Tuesday Review: Mr. Saturday Night

Tuesday Review: Mr. Saturday Night 1992 R 118 minutes

It’s odd how you stumble into watching a movie sometimes. I was watching an episode of “The Larry Sanders Show” and the guest was Billy Crystal. He was pissed at Larry because he wasn’t plugging his “New” movie “Mr. Saturday Night”.

I don’t know if it’s just internet voodoo, some sort of sinister SEO or just coincidence, but the Netflix Top Ten for James showed this as my number one choice.

So what could I do? Don’t get me started.

I believe this was Bill Crystal’s directorial debut and if it was it was excellent. Of course the material and the character wasn’t exactly stretch for Crystal but he inhabited Buddy Young so perfectly that you could swear he was real.

The movie follows the life and career of comedian Buddy Young Jr. Think Don Rickles with a mean streak, if you can imagine that.

Of course Buddy is just a creation of Crystal’s fertile mind, with him sharing writing nods with the team of Lowell Ganz & Babaloo Mandel (Parenthood, Robots) but you almost feel like Goggling him to see what he really looked like.

David Paymer does a sincere job as Stan, Young’s under-recognized agent brother. There are some really touching scenes between the two as they come to grips with what their relationship and their lives are about.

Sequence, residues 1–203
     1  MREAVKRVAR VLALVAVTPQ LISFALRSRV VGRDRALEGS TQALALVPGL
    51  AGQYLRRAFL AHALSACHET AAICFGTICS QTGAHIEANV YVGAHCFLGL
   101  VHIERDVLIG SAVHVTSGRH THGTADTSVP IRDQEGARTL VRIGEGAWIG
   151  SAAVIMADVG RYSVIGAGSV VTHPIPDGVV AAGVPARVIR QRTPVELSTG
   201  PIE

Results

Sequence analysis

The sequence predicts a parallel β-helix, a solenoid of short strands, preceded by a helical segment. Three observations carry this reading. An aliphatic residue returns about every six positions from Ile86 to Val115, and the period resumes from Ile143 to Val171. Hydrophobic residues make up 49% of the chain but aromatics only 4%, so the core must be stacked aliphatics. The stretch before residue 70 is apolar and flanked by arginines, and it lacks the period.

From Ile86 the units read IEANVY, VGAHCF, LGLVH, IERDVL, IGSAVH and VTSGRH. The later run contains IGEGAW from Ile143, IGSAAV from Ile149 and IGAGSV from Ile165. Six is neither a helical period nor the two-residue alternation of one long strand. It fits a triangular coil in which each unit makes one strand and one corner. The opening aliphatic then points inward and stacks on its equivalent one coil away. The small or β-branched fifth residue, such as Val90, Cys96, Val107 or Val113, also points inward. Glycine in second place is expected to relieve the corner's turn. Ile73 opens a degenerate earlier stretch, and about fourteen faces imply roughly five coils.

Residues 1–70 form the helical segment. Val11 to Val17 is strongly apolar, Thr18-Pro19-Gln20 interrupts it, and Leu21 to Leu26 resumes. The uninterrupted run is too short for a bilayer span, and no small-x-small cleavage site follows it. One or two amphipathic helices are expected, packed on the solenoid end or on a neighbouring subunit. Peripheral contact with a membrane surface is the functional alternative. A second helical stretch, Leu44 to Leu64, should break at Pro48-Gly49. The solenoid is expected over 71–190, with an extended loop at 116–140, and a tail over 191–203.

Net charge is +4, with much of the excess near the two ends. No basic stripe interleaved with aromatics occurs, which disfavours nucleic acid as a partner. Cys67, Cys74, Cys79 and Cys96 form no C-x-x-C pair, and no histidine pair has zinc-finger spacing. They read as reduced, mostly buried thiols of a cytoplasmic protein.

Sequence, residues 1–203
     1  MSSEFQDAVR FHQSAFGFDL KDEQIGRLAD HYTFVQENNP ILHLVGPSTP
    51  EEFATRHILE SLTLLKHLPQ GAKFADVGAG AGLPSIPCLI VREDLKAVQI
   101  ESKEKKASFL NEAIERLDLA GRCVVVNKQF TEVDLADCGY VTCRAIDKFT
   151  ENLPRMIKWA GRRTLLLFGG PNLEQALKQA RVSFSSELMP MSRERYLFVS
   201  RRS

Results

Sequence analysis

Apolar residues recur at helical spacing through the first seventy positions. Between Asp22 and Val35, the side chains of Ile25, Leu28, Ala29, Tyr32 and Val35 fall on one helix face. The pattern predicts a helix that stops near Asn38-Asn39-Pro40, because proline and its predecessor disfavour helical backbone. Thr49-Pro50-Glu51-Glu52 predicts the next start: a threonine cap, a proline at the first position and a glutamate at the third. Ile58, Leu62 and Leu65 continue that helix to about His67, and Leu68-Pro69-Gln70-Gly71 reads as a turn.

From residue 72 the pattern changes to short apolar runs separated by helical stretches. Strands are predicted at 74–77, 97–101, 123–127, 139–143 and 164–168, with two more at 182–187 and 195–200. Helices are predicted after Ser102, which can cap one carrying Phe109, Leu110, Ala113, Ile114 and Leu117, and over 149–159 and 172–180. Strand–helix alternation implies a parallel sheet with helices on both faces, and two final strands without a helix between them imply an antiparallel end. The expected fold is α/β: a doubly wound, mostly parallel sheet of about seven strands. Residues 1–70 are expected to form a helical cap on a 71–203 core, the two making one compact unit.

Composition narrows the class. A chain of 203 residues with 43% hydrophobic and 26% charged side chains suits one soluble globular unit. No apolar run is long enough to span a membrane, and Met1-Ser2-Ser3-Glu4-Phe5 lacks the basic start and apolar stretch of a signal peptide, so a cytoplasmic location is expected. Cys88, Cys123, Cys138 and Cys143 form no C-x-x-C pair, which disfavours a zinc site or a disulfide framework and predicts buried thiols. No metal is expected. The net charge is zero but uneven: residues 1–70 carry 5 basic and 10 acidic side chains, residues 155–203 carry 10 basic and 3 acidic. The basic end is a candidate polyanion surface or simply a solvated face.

The other stand out is Helen Hunt as Annie Wells, Young’s new talent agent after his brother leaves for Florida. She is the perfect foil for Young’s steamroller approach even after a slow start.

It won no awards, and did little box office, probably because people were thinking they were going to see a comedy. While the movie did have it’s funny moments it was more than anything a moving drama about a guy who wanted it all but who kept getting in his own way.

Trailer provided by Video Detective


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About James Rising

A recovering radio addict wrestles with the written word.
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